There’s been a lot of good dialog over the past few weeks based off of a couple posts I ran entitled, “Quote ~ On ‘Hate the Sin’”, and “Further Thoughts on ‘Love the Sinner, Hate the Sin’”.
One person in particular, my good friend Maryann took me to task on a couple different points throughout our commentary banter. She has a huge heart and a vast knowledge of scripture, and she made some excellent points within her responses.
In fact, her last response has prompted me to answer her within a whole ‘nuther post which furthers our discussion of “Hate the Sin” and hopefully sparks more welcome comments and discussions. For full context, I encourage you to take some time and read both of my earlier posts as well as the resulting commentary from Maryann, myself, and others. But for now, from “Further Thoughts on ‘Love the Sinner, Hate the Sin’” she writes:
Having a hard time equating the hating of sin in this world to being labeled as an unloving Christian who is out to condemn, or just trying to feel comfortable. There is an increasing spiritual sickness in our society stemming from “acceptance” of MANY behaviors that have been forbidden by God. Over the years we have become so “accepting” of sinful behavior that if you interview high school students, most of them no longer know the definition of the words “Chastity” or “Virtue”. There is a vast difference between the abhorrence of the sin itself and the person who is struggling with the sin. Perhaps if those societies who have destroyed themselves through moral decay had kept a clear recognition and abhorrence for sin, they would not have sunk into oblivion. It was certainly not enough for them that ONLY God hated the sin. To state that people who use the phrase “love the sinner, hate the sin” do so to “allay their own feelings about a particular person” suggests that you have the ability to read minds and hearts. Throughout all of this discussion and the many interesting comments, I have seen no one “lump” people together with their sin.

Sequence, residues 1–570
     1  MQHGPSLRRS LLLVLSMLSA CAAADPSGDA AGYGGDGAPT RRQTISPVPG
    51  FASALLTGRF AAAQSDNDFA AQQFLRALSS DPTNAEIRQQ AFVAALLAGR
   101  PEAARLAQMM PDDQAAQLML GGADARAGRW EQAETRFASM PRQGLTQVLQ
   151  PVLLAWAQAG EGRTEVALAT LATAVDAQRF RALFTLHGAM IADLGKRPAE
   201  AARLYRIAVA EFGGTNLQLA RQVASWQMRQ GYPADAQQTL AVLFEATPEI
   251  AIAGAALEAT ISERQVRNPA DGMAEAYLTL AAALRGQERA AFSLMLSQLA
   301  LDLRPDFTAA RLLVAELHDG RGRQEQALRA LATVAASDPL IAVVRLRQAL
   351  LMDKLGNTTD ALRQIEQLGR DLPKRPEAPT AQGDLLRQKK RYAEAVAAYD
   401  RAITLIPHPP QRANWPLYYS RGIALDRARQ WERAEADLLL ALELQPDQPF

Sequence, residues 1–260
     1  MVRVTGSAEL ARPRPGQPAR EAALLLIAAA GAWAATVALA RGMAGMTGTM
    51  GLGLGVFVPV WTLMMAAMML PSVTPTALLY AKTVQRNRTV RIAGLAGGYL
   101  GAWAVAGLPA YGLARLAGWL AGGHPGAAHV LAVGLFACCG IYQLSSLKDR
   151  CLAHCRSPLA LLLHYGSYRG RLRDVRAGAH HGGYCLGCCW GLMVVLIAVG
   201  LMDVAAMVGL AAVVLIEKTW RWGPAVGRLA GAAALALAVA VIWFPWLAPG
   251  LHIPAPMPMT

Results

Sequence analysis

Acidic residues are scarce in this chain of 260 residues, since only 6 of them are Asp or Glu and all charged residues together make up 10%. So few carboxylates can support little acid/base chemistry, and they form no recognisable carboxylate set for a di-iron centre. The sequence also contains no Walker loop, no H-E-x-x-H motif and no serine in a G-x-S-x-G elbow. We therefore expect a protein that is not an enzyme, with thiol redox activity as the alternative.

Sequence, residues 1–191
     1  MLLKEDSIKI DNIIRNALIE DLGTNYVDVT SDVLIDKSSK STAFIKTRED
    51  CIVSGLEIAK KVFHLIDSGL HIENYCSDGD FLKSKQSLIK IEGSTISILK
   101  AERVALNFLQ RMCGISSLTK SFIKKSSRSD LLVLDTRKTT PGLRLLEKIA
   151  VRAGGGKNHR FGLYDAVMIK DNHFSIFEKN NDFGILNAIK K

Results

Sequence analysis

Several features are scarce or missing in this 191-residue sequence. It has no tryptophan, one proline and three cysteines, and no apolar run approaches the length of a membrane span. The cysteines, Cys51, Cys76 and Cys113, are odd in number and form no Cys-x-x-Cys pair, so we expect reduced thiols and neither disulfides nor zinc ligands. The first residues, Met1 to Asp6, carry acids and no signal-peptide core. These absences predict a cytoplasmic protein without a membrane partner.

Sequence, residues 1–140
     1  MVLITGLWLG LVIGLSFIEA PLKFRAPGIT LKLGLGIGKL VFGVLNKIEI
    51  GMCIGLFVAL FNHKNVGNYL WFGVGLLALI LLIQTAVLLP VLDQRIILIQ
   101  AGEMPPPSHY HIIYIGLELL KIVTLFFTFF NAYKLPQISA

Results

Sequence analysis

Maryann, I can see that you’re passionate about your love of humanity—of all us ‘sinners’—as well as your hatred of sin and evil. I commend that, and essentially I think you and I are saying the same things to each other, just in different ways.
When you say, “Having a hard time equating the hating of sin in this world to being labeled as an unloving Christian who is out to condemn, or just trying to feel comfortable. There is an increasing spiritual sickness in our society stemming from “acceptance” of MANY behaviors that have been forbidden by God.”, I get that and agree, but please don’t misunderstand, either in my posts or within my comments, when I advocate looking beyond the sin of someone in order to establish a real base of relationship. Please don’t equate this with ‘acceptance’ of that sin.
Here’s where I feel we agree: as you’ve stated in a prior comment, “One of the most powerful doctrines of Satan today is his misuse of the words tolerance and acceptance. Those who stand for truth and righteousness are labeled as
intolerant or ‘haters’.” I couldn’t agree more, yet that is a double-edged sword: Those who speak out for love, for gentleness, for bridging the chasm between the children of God and a fallen world, are labeled as ‘accepting’ or ‘tolerant’ of the sin involved in those people’s lives. This mindset is just as wrong as the other.